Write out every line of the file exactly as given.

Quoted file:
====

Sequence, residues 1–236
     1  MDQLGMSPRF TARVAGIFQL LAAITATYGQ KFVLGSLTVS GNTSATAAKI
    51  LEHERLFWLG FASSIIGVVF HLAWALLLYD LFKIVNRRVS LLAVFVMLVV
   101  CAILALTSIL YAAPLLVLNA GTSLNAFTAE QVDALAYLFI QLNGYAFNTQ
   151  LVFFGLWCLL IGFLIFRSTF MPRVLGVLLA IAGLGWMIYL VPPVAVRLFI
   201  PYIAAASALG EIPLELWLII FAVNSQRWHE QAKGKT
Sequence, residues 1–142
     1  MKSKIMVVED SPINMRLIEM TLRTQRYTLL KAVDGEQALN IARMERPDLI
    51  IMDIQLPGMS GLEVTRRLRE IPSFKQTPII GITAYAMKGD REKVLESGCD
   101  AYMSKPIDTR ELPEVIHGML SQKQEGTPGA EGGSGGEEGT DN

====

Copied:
Sequence, residues 1–236
     1  MDQLGMSPRF TARVAGIFQL LAAITATYGQ KFVLGSLTVS GNTSATAAKI
    51  LEHERLFWLG FASSIIGVVF HLAWALLLYD LFKIVNRRVS LLAVFVMLVV
   101  CAILALTSIL YAAPLLVLNA GTSLNAFTAE QVDALAYLFI QLNGYAFNTQ
   151  LVFFGLWCLL IGFLIFRSTF MPRVLGVLLA IAGLGWMIYL VPPVAVRLFI
   201  PYIAAASALG EIPLELWLII FAVNSQRWHE QAKGKT
Sequence, residues 1–142
     1  MKSKIMVVED SPINMRLIEM TLRTQRYTLL KAVDGEQALN IARMERPDLI
    51  IMDIQLPGMS GLEVTRRLRE IPSFKQTPII GITAYAMKGD REKVLESGCD
   101  AYMSKPIDTR ELPEVIHGML SQKQEGTPGA EGGSGGEEGT DN